Gel pen wins this round

I just opened my back of “Drink Local” edition Field Notes and started writing in the golden Pilsner notebook. It’s gorgeous, and the 120# “Dull” coated cover is amazing to touch, and holds up well in my back pocket.

My only problem? The inside cover. It’s black, and none of my pencils can leave a visible mark.

At Target today, I found a five-pack of gel pens on clearance which included one in white. It has the smeary, skippy ink flow that many cheap gel pens have, but it does the trick:

White Gel Pen in a Field Notes cover

I guess gel pens do have their uses outside of tweens doodling in notebooks. I guess I’ll keep this pen around for just this occasion.

Start with a pencil

I don’t care what they say; I still love Medium. Despite all the spammy, markety, Seth Godin-ish posts filling it up, and the hushed, opaque ways they recommend artricles to the reader, I still stumble across some gems. Like this post, “Start with a pencil“.

I’ve linked a similar article here before, and this is a great, natural follow up to it. If you work in a creative agency setting, and you’re in charge of concepting a product, start with a pencil. Don’t be afraid if it’s a little messy or unrefined.

Start with a pencil Continue reading

Is it just me, or does the new Field Notes “Cold Horizon” color remind you of something…

Cold Horizon iOS 7?

 

Not that I’m complaining! I’m a big fan of both this new Field Notes edition, and of Apple’s iOS 7 design.

“Cold Horizon” is literally a very flat design—with that glossy cover, there’s really no toothy texture to it. And while that gorgeous Futura doesn’t really compare to an equally gorgeous Helvetica Neue, still.

It’s interesting because iOS 7 was a departure from the “skeuomorphic” look of the previous design, to get away from making it look like it’s a physical environment.  In a funny turn of events, the physical environment is redesigned to look like it!

What do you think? Do you see it?

The old Eberhard Faber Pencil Factory in Brooklyn

Have you ever listened to 99% Invisible? It’s a fantastic podcast with features about, primarily, architecture and design (and starting in 2014, thanks to their Kickstarter, they’ll be producing episodes weekly!). The newest episode, “All the Buildings”, features James Gulliver, an artist on a mission to draw the buildings of New York City — all 700,000 plus of them.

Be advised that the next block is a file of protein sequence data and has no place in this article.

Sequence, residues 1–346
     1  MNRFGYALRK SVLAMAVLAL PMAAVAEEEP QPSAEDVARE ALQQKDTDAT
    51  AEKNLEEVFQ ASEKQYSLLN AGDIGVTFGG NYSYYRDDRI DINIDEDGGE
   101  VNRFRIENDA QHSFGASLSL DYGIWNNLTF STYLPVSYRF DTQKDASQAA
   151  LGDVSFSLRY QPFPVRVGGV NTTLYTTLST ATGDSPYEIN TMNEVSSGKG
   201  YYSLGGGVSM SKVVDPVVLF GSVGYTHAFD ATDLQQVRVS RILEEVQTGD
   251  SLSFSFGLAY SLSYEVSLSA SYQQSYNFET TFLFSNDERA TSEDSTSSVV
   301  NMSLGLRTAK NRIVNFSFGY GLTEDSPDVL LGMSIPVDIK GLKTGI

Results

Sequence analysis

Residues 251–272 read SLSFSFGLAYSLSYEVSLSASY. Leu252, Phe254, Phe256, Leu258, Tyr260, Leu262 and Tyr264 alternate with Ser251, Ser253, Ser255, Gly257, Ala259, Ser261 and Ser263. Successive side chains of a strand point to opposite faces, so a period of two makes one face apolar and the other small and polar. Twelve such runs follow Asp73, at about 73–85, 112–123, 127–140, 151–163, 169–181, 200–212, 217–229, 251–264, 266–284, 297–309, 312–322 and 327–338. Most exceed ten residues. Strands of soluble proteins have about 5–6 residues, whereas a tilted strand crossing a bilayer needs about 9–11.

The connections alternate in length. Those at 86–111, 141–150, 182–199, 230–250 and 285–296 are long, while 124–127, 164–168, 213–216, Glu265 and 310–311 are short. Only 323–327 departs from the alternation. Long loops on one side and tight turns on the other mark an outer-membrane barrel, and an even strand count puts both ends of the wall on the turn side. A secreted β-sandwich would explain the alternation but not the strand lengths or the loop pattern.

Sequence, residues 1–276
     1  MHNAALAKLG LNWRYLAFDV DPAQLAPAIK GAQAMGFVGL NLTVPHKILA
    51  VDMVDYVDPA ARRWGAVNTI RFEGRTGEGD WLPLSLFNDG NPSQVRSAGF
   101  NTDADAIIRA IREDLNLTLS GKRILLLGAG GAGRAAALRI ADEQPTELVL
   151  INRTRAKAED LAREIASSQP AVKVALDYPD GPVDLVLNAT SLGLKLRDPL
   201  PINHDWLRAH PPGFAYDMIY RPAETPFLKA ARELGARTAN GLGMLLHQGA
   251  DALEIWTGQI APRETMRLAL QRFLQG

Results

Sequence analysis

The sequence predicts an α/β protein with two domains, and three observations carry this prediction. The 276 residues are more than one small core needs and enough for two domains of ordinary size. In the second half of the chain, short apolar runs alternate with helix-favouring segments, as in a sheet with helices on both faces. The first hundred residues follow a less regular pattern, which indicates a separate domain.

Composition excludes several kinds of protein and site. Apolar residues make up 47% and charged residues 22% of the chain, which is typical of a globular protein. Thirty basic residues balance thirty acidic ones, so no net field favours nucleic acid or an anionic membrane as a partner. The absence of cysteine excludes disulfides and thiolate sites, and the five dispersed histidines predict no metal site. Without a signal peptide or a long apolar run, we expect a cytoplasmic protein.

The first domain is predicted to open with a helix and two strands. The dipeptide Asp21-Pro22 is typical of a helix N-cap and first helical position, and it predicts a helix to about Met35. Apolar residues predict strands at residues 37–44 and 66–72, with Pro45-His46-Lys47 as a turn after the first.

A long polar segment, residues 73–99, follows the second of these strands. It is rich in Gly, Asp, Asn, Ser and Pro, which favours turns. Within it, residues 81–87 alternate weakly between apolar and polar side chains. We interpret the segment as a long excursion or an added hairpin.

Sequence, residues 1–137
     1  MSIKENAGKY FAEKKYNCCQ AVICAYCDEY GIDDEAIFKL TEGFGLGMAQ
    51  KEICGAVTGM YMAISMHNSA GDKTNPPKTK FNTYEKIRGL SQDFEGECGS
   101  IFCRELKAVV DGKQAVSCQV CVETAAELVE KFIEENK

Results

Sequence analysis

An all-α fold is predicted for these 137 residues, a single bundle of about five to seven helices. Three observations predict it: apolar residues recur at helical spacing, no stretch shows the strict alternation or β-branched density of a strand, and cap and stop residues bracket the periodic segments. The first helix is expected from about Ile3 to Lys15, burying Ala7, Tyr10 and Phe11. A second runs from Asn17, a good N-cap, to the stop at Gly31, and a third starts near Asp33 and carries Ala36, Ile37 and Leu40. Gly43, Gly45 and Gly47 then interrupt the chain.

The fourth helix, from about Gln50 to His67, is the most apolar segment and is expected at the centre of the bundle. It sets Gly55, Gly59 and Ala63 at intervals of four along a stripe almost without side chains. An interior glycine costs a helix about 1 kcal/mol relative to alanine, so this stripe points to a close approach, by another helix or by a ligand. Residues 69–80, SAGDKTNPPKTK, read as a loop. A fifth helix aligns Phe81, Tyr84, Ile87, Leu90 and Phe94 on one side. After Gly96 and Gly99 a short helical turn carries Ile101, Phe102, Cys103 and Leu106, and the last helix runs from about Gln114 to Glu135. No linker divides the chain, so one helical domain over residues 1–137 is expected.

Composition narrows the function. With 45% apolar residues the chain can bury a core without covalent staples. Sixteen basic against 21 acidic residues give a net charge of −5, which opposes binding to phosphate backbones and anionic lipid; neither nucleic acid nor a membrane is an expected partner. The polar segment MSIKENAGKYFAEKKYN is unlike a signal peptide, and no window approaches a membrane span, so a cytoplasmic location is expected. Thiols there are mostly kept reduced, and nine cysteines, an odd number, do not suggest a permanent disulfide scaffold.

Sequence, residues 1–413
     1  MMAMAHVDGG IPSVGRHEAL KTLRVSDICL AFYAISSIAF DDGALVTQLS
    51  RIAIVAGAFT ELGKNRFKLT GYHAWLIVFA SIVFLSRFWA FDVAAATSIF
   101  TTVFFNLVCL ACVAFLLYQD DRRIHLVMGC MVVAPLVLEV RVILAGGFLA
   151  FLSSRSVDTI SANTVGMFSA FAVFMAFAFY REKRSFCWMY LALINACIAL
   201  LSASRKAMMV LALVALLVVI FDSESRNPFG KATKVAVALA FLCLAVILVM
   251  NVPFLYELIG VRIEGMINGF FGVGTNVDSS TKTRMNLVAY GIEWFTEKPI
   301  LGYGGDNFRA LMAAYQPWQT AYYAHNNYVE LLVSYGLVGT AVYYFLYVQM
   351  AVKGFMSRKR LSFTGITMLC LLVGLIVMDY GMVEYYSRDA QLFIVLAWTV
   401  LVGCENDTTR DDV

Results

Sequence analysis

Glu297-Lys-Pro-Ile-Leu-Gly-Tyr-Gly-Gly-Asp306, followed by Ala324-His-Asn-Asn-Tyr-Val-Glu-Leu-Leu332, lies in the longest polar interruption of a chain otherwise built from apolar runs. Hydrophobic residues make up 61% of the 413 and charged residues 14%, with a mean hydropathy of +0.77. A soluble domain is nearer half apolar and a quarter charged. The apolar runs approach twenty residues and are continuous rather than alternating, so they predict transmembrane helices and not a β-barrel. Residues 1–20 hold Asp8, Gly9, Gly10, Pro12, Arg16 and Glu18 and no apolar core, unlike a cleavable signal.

One building in particular that they talked about was at 61 Greenpoint Avenue in Brooklyn — an old pencil factory:

Drawing by James Gulliver at AllTheBuildingsInNewYork.com. Click image for original post.

Drawing by James Gulliver at AllTheBuildingsInNewYork.com. Click image for original post.

After a minute or two of Googling, I found a photograph of this building:

Eberhard Faber Pencil Factory in Brooklyn Check out the story-tall terra cotta pencils at the top of this building: Eberhard Faber Pencil Factory

(Photographs are from Scouting New York. Check out the original post for lots of great information and more photographs.)

How cool is this? It’s the old corporate offices of the Eberhard Faber corporation, maker, of course, of Eberhard Faber pencils. Built in in the 1920s, it was vacated when the company shut down its Brooklyn factory and moved to Wilkes-Barre, PA in 1952. What they left behind was an amazing six-story art deco building with FREAKING PENCILS on it.

Print Magazine has an interview with a few graphic designers who has developed a relationship with this building. Read it when you get a chance; it’s a fun interview.

As of a couple years ago, other buildings from the factory campus were being turned into condos. The Pencil Factory Condos had a website that now seems to be defunct, so it’s unclear as to what is happening with them. I found an interesting (though cheesy) video on YouTube with a walkthrough of the building in question, showcasing some great looking loft spaces:

Next time I’m in NYC, I need to get to the Greenpoint neighborhood in Brooklyn to check this place out and get some pictures of my own.

Any Woodclinched readers have any stories about this building? I’d love to hear about them in the comments!